Saturday, June 15, 2024

Revealed: How France took Great Britain on the tiles ahead of 1920 hockey gold

France attempted to get their cross channel opponents Great Britain drunk in Antwerp the night before the men’s gold medal match at the 1920 Olympics, exactly 100 years ago, but were thwarted in their attempts thanks to their rivals being made of “sterner stuff”.

The story has been thrust into the limelight ahead of a special anniversary event at The Hockey Museum in Woking on Saturday following painstaking research into GB caps which will see the family of goalkeeper Harry Haslam receive an international cap.

Haslam is being designated as cap number one in the museum’s list and the presentation will be followed up next May when the current players are handed their modern day cap number ahead of the Euros and the Olympics. The Hockey Museum’s work should be much applauded.

Great Britain’s gold medal at the 1920 Antwerp Games certainly came under strange circumstances, “arising from a misguided piece of skulduggery,” according to the museum.

Only four nations competed at the Games – Denmark and Belgium the other teams – and after a series of round robin matches, the gold medal was won by virtue of a walkover to GB after France failed to take to the field for the final.

“The story of the way the Brits won the gold medal is absolutely brilliant,” Harry’s grandson, John Ottaway, told The Hockey Paper.

“The gold wasn’t made very much of when we were kids, it wasn’t thought as any great shakes. They had all decamped for a weekend and no one had given them any kit. They had turned up, won the gold medal and come home so I’m not sure Harry had the same elevated opinion on what he had done as we have now.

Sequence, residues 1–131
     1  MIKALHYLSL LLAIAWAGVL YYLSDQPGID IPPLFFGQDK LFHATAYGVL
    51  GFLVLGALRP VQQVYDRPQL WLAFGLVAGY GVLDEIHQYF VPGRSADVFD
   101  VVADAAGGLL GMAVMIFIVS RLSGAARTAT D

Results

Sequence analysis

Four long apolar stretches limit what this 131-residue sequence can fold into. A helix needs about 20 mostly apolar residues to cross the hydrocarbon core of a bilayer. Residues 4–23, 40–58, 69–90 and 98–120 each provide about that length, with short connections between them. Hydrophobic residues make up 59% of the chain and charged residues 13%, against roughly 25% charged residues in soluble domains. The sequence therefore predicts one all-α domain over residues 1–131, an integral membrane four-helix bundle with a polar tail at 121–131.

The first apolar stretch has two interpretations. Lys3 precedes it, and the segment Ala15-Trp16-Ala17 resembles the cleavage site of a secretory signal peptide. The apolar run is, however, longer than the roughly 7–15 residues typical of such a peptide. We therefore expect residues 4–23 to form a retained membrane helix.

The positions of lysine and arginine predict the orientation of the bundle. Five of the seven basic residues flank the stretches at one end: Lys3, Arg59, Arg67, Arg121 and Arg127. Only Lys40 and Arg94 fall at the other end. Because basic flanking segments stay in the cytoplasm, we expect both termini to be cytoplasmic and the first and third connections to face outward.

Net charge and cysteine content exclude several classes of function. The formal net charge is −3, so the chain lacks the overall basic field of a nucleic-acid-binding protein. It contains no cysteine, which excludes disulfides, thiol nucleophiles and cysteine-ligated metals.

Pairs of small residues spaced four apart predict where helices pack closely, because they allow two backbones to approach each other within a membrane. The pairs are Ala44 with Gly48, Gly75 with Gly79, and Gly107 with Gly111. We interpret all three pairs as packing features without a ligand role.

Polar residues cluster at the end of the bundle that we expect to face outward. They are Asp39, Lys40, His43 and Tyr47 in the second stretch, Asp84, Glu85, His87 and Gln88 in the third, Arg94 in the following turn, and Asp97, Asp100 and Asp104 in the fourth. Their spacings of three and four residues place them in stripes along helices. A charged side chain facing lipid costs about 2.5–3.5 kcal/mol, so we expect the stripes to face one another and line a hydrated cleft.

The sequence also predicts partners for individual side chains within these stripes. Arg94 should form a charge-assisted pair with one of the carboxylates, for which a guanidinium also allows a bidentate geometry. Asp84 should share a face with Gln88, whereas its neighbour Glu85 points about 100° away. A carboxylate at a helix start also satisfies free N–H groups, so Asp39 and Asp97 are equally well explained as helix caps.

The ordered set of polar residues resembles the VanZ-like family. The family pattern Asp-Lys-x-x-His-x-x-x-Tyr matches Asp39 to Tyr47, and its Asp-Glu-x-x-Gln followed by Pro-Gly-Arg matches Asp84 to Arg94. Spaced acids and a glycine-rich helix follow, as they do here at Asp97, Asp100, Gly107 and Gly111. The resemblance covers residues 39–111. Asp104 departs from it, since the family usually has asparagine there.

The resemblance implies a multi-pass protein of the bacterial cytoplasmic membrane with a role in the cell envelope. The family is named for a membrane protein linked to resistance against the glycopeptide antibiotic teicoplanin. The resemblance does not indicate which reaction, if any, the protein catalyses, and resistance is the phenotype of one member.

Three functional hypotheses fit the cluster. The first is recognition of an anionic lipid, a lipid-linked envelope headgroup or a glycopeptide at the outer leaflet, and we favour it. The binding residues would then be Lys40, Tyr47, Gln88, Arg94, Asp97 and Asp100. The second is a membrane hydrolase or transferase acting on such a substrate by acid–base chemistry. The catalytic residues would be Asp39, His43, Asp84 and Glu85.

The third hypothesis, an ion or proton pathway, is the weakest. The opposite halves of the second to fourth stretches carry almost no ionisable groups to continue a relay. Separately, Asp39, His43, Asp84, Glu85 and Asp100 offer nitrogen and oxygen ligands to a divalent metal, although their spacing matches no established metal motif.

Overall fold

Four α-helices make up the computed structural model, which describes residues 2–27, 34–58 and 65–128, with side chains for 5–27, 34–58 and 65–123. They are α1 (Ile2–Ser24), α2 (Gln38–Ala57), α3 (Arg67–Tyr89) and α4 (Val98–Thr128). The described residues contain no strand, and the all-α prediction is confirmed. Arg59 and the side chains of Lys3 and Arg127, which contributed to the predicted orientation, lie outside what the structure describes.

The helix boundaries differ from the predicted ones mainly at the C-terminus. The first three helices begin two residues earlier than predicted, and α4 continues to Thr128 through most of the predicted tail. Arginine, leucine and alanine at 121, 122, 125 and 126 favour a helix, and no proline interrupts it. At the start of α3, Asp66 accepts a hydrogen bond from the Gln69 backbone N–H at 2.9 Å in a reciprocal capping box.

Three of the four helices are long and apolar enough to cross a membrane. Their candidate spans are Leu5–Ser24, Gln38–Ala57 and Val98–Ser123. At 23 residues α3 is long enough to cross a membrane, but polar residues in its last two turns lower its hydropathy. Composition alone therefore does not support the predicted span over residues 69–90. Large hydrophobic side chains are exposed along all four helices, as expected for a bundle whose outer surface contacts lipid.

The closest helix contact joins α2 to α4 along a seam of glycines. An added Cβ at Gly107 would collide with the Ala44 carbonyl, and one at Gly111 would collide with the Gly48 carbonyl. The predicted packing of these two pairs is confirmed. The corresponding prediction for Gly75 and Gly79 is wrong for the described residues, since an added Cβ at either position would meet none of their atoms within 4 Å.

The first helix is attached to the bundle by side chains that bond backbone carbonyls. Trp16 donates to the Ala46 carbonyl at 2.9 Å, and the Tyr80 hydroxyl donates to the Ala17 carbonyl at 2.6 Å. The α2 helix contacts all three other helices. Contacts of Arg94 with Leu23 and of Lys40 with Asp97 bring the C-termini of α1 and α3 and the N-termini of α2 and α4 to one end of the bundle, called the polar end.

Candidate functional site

“But the French were on a hiding to nothing and decided that the best way to win the match was to take the Brits out and get them drunk. It sounds a bit apocryphal but they certainly didn’t turn up the next day!”

The Ilford Recorder, in an article on Harry, whose club was Ilford HC, described the affair in 1996. “Great Britain’s opponents invited our lads out on the town – with the intention of drinking them legless.

“The French found their opponents were made of sterner stuff than themselves in the hangover league and the inebriated opposition actually conceded the next day’s final following their mutual night out on the town.”

Another source, also penned many decades later, refers to an epidemic near the French team’s accommodation, the Games taking place two years after the First World War and Spanish Flu still rampant in Europe.

“This may of course be a tactful way of suggesting the French team were the worse for wear, or it could be sincere,” the museum said. The French finished last after losing their other two games.

The family hasn’t been able to put any bones on the story but the Recorder piece could have solid grounding as Harry was also a local reporter for the paper.

He had started life playing hockey in Birmingham before coming down south with his brother, who was also a goalkeeper, before settling in Essex.

He won nine international caps in all, making his England debut aged 37. According to the museum’s research, Harry’s style of play “was apparently on a par with his ability to hold his drink and he was noted for his eccentricity on the pitch.”

A newspaper match report in 1912 stated that Haslam “made several brilliant saves but, for some unaccountable reason, accompanied each effort with a ‘whoop’ like a proverbial scalp hunter.”

During First World War he served as a chief inspector with the Metropolitan Special Constabulary and in 1920 he received an OBE for his services to the constabulary.

He retired from playing hockey at the age of 48 in 1932 and ran a weekly radio broadcast on the BBC where he parted his hockey knowledge. He was also a keen adminisrator and the meeting minutes from the Essex league showed he was quite outspoken.

It is believed that Harry was also instrumental in bringing in the new stick design. The English hockey stick used to be a semi circle and at the time the sport realised that the Indian style half-crescent stick was a far more efficient style of playing.

Harry died unexpectedly on his 72nd birthday in 1954. He had umpired a match only a few days before.

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